If you are one of these people, then your major problem might be acceptance. Acceptance that you yearn for friends just like everyone else, that you have the need to be social despite all the years you tried to convince yourself otherwise. 

Needing other people doesn’t make you weak or vulnerable. It makes you human, and accepting your primal, human needs helps you become closer with your genuine self. 

Mistakes you might be making…

  • You don’t return calls and texts from new people who are asking you out
  • You don’t join events and activities that you are interested in
  • You don’t try to learn or experience new things because you are content with everything you have and know

10 habits you can adopt to make friends easily 

Making friends involves more than just not making mistakes, but doing things that positively influence your chances at making friends.

Here are 10 habits you can keep in mind – change the way you live, and the way your life unfolds will change. 

1) Stay in the moment: Stop thinking. Just do. Do what feels right, do what makes you happy, and learn to squeeze out happiness from the present.

2) Be curious: Be curious and interested in what other people can offer you. Don’t be so sure that you know the best way to live life. Be open.

3) Smile first, and smile often: Nothing invites other people more than a smile. Don’t be embarrassed, don’t be ashamed. You can’t change how other people feel, but you can change how you do.

4) Want to make friends: Don’t just wait for friends to fall into your lap. Go out into the world wanting to make friends. Act the way a friend might act to new people around you.

5) Care for yourself: People like surrounding themselves with people who have value, and there is no better way to increase your value than knowing and appreciating your value. Take care of yourself – physically, mentally, and emotionally.

6) Try new things: Don’t have friends to try a new activity with? Then go do it yourself. You’ll find those friends there, waiting for you without realizing it.

7) Talk like a friend: Just because a person is new in your life doesn’t mean you have to be formal and tight. Loosen up – be the friendly “you” you know you can be.

8) Stay positive: It can be easy to let that sad inner voice get you down. It’s your job to ignore that voice and stay positive. Think about how big this world is and how many people are on it: surely there are countless happy chances waiting for you to take them.

9) Take a class: If there’s something you’ve always wanted to learn, then now is always the best time to learn it. Sign yourself up for a class and see what and who you find waiting for you.

10) Be confident: Be confident in yourself. Your value doesn’t come from your friendships. People adore confidence – don’t obsess over your own need for them to like you. You are still great whether you make friends or not. People love that kind of self-assurance.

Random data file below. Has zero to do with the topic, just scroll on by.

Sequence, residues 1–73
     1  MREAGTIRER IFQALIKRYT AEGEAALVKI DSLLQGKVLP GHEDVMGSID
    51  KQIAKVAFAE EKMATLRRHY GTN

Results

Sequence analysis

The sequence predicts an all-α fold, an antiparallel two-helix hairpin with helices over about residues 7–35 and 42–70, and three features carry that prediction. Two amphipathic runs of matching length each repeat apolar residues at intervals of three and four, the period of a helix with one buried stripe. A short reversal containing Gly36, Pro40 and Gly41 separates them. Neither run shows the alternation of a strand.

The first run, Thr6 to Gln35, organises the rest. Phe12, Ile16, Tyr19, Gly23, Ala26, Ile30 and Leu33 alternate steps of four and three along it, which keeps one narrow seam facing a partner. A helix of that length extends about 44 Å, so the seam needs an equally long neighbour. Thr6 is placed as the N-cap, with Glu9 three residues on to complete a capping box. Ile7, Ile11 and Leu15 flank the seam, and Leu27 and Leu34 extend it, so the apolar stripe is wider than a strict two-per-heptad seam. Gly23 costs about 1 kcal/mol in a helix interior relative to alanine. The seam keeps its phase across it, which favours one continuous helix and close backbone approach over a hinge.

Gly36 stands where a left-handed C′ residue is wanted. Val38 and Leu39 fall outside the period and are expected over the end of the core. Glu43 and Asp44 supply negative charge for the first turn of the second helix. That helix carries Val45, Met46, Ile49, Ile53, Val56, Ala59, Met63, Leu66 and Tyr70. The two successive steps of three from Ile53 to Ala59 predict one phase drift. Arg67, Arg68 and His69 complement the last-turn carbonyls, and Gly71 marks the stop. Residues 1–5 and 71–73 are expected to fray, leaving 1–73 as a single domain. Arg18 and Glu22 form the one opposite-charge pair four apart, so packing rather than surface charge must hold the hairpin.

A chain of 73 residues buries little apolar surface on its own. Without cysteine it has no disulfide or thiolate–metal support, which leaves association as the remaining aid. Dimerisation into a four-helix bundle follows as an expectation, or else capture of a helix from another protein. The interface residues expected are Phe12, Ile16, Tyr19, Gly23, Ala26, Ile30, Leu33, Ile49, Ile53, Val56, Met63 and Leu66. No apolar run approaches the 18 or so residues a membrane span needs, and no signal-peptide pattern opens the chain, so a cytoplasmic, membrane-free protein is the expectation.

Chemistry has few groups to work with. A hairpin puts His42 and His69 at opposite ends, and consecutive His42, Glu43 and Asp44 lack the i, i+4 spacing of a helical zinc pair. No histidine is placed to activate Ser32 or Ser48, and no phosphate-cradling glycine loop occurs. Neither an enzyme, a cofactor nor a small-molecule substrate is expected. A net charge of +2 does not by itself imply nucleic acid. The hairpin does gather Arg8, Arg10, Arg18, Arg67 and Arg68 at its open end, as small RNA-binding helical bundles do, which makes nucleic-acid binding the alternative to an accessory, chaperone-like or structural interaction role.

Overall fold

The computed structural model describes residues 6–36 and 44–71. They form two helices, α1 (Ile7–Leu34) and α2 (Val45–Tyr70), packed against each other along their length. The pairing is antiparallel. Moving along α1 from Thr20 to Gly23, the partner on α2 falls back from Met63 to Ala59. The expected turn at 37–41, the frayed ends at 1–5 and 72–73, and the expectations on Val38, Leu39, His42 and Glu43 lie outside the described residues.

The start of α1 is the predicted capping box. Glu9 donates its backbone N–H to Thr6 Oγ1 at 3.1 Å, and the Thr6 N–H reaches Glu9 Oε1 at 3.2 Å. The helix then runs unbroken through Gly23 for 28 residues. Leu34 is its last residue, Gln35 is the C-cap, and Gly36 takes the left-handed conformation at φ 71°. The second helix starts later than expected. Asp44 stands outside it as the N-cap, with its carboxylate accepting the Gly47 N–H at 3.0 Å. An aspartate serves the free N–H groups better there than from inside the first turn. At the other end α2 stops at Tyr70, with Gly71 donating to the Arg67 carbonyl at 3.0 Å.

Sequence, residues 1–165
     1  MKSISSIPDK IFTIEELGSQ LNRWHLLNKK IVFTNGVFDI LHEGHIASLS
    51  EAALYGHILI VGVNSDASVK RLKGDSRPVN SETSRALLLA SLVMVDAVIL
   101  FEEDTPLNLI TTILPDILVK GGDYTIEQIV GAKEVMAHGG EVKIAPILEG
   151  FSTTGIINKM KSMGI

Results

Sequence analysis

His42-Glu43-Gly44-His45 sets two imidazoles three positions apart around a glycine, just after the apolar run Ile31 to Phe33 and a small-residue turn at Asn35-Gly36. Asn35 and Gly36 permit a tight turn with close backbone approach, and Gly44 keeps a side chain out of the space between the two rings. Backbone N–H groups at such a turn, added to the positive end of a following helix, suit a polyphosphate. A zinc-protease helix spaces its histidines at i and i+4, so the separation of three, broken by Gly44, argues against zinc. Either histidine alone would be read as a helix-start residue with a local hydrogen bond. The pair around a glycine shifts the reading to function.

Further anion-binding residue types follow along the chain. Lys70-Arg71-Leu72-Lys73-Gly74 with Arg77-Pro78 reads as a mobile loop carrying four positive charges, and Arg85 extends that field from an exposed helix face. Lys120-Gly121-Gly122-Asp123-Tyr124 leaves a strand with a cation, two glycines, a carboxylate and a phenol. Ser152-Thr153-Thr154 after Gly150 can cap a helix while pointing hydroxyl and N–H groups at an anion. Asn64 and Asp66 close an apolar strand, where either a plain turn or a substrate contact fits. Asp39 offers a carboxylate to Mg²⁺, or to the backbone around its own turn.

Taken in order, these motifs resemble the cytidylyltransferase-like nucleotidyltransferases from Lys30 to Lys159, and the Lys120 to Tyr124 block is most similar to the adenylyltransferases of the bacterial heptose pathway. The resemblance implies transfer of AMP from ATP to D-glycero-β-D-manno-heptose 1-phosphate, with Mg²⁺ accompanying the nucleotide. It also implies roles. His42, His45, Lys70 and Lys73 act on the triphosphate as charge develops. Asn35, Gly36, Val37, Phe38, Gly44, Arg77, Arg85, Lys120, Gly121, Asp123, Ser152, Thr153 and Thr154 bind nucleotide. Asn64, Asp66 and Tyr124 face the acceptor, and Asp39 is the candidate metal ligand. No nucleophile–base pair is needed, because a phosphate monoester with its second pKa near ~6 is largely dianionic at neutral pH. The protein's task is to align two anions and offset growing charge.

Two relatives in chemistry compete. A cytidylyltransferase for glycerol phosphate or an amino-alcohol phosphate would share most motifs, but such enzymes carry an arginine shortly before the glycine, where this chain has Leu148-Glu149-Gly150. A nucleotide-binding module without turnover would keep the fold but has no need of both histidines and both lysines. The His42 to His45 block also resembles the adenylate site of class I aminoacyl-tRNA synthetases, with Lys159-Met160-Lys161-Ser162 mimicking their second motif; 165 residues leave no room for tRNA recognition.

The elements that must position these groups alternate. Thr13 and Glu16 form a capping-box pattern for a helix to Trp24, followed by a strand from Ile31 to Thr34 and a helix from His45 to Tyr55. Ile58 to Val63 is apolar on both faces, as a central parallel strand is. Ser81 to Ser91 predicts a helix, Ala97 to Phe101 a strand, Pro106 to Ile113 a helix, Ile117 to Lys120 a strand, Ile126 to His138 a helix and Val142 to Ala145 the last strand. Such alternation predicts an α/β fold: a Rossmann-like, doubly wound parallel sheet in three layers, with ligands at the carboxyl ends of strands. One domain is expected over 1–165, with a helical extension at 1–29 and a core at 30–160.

Quiz: What’s your hidden superpower? We all have a personality trait that makes us special… and important to the world. Discover YOUR secret superpower with my new quiz. Check out the quiz here.

A world of opportunities, and a world of possible friendships

Accepting that you don’t have friends can be difficult, but it isn’t something you have to live with.

No matter how old you are, no matter your circumstance, there are always new people out there waiting to meet you (even if they don’t know it). 

Your past is your past, and no matter how difficult the endings of those past friendships may have been, they don’t have to live with you forever.

Learn to open yourself again, and learn to be the kind of person that people will want to be friends with. And over time, those people will come.

Introducing my new book

When I first started learning about Buddhism and searching for practical techniques to help my own life, I had to wade through some really convoluted writing.

There wasn’t a book that distilled all this valuable wisdom in a clear, easy-to-follow way, with practical techniques and strategies.

So I decided to write this book myself to help people going through a similar experience to what I went through.

Here it is: The No-Nonsense Guide to Using Buddhism and Eastern Philosophy for a Better Life.

Within my book you’ll discover the core components of achieving happiness, anywhere at any time through:

– Creating a state of mindfulness throughout the day

– Learning how to meditate

– Fostering healthier relationships

– Unburdening yourself from intrusive negative thoughts.

– Letting go and practising non-attachment.

While I primarily focus on Buddhist teachings throughout the book – particularly as they relate to mindfulness and meditation – I also provide key insights and ideas from Taoism, Jainism, Sikhism and Hinduism.

Think of it this way:

I’ve taken 5 of the world’s most powerful philosophies for achieving happiness, and captured their most relevant and effective teachings—while filtering out the confusing jargon.

I then shaped them into a highly-practical, easy-to-follow guide for improving your life.

The book took me about 3 months to write and I’m pretty pleased with how it turned out. I hope you enjoy it too.

Check out the book here.

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Lachlan Brown

I’m Lachlan Brown, the founder, and editor of Hack Spirit. I love writing practical articles that help others live a mindful and better life. I have a graduate degree in Psychology and I’ve spent the last 15 years reading and studying all I can about human psychology and practical ways to hack our mindsets. Check out my latest book on the Hidden Secrets of Buddhism and How it Saved My Life. If you want to get in touch with me, hit me up on Facebook or Twitter.